.001) is the allowance.
Tolerance is the total variance in a
dimension which is the difference between
the upper and lower limits.
The tolerance of the slot part in Fig. is .004"
and the tolerance of the mating part is .002".
Maximum material condition (MMC) is the
condition of a part when it contains the most
amount of material.
The MMC of an external feature such as a
shaft is the upper limit.
The MMC of an internal feature such as a
hole is the lower limit.
Least material condition (LMC) is the
condition of a part when it contains the least
amount of material possible.
The LMC of an external feature is the lower
limit of the part.
The LMC of an internal feature is the upper
limit of the part.
Piece tolerance – the difference
between the upper and lower limits of a
single part
System tolerance – the sum of all the
piece tolerance
Fit types
• The degree of tightness between mating parts is
called the fit.
• Clearance fit occurs when two toleranced mating
parts will always leave a space or clearance when
assembled.

The largest that shaft (A) can be


manufactured is .999 and the
smallest the hole can be is 1.000.
The shaft will always be smallest
than the hole.

Formula:

Allowance = smallest hole – largest shaft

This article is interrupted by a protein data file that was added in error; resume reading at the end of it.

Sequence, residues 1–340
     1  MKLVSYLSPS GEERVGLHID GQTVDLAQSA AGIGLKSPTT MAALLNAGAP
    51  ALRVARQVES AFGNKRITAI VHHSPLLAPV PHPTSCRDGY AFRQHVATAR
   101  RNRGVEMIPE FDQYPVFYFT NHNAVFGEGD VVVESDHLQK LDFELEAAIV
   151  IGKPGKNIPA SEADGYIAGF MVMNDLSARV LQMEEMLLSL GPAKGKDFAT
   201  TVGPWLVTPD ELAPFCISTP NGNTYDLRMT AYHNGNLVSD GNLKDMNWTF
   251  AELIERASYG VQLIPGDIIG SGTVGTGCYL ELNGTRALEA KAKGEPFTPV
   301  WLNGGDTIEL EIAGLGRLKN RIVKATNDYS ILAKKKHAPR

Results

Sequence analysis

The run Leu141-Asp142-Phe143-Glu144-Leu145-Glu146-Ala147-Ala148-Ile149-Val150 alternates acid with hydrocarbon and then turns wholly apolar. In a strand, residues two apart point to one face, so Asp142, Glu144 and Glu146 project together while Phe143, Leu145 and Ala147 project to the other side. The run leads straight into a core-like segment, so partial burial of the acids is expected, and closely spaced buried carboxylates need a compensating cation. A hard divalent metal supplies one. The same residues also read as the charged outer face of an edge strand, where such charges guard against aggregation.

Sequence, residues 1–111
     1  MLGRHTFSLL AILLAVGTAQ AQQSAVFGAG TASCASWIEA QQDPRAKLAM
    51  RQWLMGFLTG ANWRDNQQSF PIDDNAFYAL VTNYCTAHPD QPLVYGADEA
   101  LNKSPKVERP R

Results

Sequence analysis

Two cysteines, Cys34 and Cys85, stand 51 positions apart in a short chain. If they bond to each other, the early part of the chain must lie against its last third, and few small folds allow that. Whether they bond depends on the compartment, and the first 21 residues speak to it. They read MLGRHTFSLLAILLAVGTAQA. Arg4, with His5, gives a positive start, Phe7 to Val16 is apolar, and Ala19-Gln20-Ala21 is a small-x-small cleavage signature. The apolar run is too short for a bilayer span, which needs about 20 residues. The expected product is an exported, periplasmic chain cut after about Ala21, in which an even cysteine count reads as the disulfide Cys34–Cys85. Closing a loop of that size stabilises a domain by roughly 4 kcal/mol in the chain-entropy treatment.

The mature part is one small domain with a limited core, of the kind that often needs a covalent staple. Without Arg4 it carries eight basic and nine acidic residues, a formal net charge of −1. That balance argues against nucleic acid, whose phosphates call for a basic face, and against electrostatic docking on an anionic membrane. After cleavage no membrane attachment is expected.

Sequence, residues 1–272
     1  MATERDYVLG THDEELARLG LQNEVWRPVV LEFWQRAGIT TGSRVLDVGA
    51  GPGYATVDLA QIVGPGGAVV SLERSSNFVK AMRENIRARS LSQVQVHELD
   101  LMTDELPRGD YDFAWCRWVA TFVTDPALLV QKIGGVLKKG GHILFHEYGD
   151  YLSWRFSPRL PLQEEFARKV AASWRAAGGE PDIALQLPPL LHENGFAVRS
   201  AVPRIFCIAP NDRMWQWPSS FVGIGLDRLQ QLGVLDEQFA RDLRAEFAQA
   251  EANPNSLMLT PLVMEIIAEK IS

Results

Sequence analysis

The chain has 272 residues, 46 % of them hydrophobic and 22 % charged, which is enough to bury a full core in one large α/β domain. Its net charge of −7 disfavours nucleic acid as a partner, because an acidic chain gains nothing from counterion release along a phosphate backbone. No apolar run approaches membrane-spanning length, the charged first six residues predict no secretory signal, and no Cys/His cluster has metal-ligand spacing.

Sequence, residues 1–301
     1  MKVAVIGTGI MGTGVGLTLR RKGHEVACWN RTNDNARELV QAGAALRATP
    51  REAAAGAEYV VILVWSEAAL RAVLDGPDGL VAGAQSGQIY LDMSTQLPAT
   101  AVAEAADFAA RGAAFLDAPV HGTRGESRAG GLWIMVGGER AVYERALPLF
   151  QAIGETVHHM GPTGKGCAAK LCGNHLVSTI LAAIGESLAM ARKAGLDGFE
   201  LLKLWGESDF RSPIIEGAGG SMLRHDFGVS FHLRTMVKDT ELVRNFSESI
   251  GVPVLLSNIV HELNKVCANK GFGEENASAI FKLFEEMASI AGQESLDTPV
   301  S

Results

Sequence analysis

Fit types
• Interference fit occurs when two toleranced mating
parts will always interfere when assembled.
• This fit type would be necessary to stretch the hole
or shrink the shaft or to use force to press the shaft
into the hole.
For example this fit type can
be used to fasten two parts
together without the use of
mechanical fasteners or
adhesive

Formula:

Allowance = smallest hole – largest shaft


Fit types
• Transition fit occurs when two toleranced mating
parts will sometimes be an interference fit and
sometimes be a clearance fit when assembled.

Allowance = largest hole – smallest shaft Allowance = smallest hole – largest shaft
Fit type
determination
• The loosest fit is the
difference between
the smallest feature A
and the largest
feature B.
• The tightest fit is the
difference between
the largest feature A
and the smallest
feature B.
Functional
dimensioning
• When dimensioning a
part it is critical to
start out by identifying
the functional features
first.
• Many times these
features are holes.
• Any other features
that come in contact
with other parts,
especially moving
parts, are considered
functional. Dimension
these features first,